Juju express not good moneywise
Nadal thriller re-ignites women's equal prize money battle
Press Trust of India
Posted online: Monday, June 06, 2005 at 1523 hours IST
Paris, June 6: Rafael Nadal's thrilling French Open triumph is set to re-ignite the explosive war of words over equal prize money for men and women at the grand slams.
Nadal earned 880,000 euros after beating Mariano Puerta 6-7 (6/8), 6-3, 6-1, 7-5 in a 3hr 24min final filled to the brim with drama, tension and scintillating exchanges.
Twenty-four hours earlier, Belgium's Justine Henin-Hardenne pocketed a cheque for 867,000 euros for a 6-1, 6-1 mismatch against a woeful Mary Pierce in a final which was all over in 62 minutes.
Last year, Gaston Gaudio recovered from two sets down and saved two match points to beat Argentine compatriot Guillermo Coria over five sets taking up 3hr 31 min.
In the women's final, Anastasia Myskina had brushed aside Russian team mate Elena Dementieva 6-1, 6-2 in 58 minutes.
At the moment, only the US Open, the Australian Open as well as the tour event in Dubai pay their men and women champions the same money.
Wimbledon and the French Open maintain the women's prize funds fractionally below that of the men's.
At Wimbledon this year, the men's champion will receive 933,500 euros; the women's winner will take home 890,000.
In the women's semi-finals here, Henin-Hardenne beat Nadia Petrova 6-2, 6-3 and Pierce brushed past Elena Likhovtseva 6-1, 6-1.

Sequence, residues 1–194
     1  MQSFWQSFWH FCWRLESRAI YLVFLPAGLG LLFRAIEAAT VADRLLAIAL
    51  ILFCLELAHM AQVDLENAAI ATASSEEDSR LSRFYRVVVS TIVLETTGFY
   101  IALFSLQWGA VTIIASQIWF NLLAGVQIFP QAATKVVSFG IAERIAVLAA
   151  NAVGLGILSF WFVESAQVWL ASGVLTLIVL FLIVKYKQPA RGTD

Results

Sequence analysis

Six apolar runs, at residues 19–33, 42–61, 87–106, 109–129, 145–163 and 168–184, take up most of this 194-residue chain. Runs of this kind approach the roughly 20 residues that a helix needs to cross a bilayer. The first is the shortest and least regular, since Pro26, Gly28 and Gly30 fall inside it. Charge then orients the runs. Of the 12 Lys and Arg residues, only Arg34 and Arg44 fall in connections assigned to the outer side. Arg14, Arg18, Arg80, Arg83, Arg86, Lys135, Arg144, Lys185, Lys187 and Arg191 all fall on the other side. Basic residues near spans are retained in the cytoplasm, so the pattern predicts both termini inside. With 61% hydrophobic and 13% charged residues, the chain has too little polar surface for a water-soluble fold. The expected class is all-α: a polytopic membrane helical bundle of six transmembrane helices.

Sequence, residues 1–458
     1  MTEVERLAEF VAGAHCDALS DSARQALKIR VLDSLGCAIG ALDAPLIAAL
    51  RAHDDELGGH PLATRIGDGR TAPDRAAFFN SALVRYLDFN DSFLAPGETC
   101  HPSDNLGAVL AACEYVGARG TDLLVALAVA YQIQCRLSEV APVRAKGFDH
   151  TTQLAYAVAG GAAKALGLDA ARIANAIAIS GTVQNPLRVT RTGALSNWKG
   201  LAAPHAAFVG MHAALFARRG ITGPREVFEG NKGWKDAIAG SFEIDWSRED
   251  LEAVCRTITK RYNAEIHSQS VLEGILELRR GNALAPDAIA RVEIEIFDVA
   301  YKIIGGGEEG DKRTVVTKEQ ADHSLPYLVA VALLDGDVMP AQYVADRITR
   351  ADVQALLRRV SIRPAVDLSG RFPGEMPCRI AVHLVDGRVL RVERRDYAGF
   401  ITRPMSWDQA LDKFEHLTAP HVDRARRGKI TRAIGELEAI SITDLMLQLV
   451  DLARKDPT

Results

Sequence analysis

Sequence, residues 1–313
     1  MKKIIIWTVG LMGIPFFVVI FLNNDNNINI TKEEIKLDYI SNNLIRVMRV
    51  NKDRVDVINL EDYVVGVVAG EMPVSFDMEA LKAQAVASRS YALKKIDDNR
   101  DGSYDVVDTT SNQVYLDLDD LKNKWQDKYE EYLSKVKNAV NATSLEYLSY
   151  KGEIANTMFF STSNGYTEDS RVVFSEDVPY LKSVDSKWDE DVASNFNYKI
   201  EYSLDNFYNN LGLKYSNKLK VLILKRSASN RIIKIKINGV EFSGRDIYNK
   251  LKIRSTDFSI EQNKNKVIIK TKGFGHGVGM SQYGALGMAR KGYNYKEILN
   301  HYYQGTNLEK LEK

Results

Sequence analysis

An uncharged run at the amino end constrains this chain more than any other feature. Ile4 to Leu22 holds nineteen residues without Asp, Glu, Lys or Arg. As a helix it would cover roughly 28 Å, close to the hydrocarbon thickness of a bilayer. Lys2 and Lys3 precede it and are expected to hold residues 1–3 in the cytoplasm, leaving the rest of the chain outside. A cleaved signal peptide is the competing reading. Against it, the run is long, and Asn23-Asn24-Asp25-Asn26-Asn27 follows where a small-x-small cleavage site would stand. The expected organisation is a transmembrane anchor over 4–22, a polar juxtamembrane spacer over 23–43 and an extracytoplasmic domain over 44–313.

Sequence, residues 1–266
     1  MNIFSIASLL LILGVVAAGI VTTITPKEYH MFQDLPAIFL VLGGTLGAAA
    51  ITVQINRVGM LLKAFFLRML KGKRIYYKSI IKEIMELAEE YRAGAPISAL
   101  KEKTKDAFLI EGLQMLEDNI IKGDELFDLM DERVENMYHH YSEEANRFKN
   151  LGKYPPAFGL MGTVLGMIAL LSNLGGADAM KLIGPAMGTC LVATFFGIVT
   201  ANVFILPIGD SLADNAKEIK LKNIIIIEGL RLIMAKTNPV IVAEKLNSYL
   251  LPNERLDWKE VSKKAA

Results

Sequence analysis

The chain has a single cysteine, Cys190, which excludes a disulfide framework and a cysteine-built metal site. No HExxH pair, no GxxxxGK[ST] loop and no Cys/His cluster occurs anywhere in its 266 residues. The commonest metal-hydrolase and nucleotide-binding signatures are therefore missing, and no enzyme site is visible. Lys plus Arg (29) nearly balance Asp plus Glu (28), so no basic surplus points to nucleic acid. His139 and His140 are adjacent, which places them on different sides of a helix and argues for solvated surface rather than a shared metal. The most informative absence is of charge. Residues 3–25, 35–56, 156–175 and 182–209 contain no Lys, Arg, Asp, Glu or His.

In the men's, Nadal was beating world number one Roger Federer in four sets while Puerta was coming from behind to Nikolay Davydenko in five sets, spending another three and a half hours on the court.
Mats Wilander, who won three French Opens including a 4hr 42min battle to subdue Guillermo Vilas in 1982, lashed out at the lack of quality in Saturday's women's final.
"I am sad for women's tennis. After the semi-finals I thought we could not go any lower," said the Swede.
"But the best thing about Mary Pierce in the final was her speech. She hit the ball for the pleasure of hitting the ball and didn't think about the means of hitting the ball to win the match.
"It is time to sound the alarm bell."
World number one Lindsay Davenport has long campaigned for equal prize money.
"People believe what they believe. You hear about women playing only three sets while men play five," said Davenport earlier this year.
"And the best women are never going to beat the best men. But it's a different game you go to watch with the women - it doesn't make it better or worse.
"Hopefully we will be able to change people's minds who are against it (equal prize money) we will try to persuade them. We still have to get women's tennis more popular and we have the players to do that."
After her capitulation here, the 30-year-old pierce refused to be drawn on the thorny subject."I think the best people to talk to are the people who are actually dealing
with that situation in the prize money area, men's side and women's side,
and the tournament's side," said the French woman.